Purpose: Little is known about the employment situation of long-term Hodgkin lymphoma (HL) survivors despite their young age at diagnosis and the favorable prognosis of the disease. In this cross-sectional study, we aim to describe the employment situation in a cohort of long-term HL survivors compared to the general population and investigate the associations with disease characteristics and treatment exposure.
Methods: HL survivors > 25 years (n = 1961) were matched 1:25 to controls (n = 49,025) from the European Union Labour Force Survey. Individual treatment information was obtained from trial records. Employment and socio-demographic characteristics were collected using the Life Situation Questionnaire. Logistic regression models were used to estimate associations between disease and treatment characteristics with employment status and work-related attitudes.
Results: At employment assessment, 69.7% of survivors (95% CI: 67.6–71.7%) were working; of these, 68.9% (95% CI: 66.3–71.3%) worked full-time, a figure comparable to that of controls (p value 0.17). The risk of not working was associated with increasing age at diagnosis, increasing age at survey, female sex, lower educational level, and relapse history. Of those who were at work during treatment, 16.8% (95% CI: 14.5–19.3%) stated their income had subsequently decreased, which was attributed to their HL by 65.4% (95% CI: 57.5–72.8). Among those not at work, 25.1% (95% CI: 20.7–29.8) survivors were disabled compared to only 14.5% (95% CI: 13.8–15.3%) of controls.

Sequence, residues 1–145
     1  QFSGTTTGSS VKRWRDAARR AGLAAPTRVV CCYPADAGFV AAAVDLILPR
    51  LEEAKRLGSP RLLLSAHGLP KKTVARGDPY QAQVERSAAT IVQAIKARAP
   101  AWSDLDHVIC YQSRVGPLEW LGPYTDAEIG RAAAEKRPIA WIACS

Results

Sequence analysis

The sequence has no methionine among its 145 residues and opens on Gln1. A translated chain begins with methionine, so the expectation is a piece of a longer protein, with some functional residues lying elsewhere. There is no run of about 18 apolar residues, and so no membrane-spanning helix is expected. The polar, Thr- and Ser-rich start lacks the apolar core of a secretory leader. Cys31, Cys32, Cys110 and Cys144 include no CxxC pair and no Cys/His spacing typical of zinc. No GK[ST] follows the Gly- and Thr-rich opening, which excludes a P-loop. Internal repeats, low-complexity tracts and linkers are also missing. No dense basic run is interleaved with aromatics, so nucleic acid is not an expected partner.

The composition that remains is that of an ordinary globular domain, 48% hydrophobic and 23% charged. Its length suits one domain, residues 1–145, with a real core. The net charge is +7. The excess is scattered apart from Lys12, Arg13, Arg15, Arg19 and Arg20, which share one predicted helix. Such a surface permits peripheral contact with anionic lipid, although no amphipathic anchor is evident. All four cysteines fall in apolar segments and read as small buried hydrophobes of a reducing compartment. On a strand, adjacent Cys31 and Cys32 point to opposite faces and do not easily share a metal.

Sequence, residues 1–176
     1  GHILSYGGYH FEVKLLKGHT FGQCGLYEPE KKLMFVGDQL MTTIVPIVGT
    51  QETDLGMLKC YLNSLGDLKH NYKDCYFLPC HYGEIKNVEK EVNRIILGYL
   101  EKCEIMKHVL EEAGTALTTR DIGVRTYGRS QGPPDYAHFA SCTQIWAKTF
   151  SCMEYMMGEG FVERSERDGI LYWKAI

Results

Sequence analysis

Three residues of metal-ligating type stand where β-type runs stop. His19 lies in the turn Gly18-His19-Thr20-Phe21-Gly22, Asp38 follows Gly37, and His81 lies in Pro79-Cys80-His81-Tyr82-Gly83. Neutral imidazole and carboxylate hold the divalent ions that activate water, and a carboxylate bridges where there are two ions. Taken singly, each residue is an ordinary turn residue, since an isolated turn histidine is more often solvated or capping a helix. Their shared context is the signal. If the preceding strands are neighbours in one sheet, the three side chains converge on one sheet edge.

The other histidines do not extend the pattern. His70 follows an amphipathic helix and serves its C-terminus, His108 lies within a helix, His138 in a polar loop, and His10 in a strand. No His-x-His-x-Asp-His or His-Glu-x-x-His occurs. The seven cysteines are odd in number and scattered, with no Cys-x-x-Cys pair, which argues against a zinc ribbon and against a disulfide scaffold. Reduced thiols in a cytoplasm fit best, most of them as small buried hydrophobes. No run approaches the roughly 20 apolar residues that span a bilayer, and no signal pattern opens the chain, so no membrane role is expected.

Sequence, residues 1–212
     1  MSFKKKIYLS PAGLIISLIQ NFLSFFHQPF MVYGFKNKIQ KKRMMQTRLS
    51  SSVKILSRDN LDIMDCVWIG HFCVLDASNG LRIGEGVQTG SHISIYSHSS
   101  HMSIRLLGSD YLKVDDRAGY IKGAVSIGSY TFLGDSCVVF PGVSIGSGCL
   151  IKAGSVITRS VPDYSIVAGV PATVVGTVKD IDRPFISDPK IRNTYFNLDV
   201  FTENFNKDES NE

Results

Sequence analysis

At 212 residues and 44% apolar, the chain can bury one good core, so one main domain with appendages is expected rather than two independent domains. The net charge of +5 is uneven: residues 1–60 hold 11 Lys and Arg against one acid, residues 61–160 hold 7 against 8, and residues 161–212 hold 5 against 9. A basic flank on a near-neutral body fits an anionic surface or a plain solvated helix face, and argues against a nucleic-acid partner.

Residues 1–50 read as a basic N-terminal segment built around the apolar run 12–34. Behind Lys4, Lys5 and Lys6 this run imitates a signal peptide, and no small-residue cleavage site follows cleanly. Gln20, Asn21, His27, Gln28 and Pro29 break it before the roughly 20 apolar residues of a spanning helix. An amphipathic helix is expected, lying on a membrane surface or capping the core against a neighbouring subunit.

Conclusions: In this cohort of HL survivors, employment status was comparable to that of the general population. However, increasing age at follow-up, female sex, lower educational level, and relapse history are risk factors for unemployment, a perceived decrease in income, and disability. Implications for Cancer Survivors: To further improve follow-up care, special attention should be paid to these vulnerable subgroups.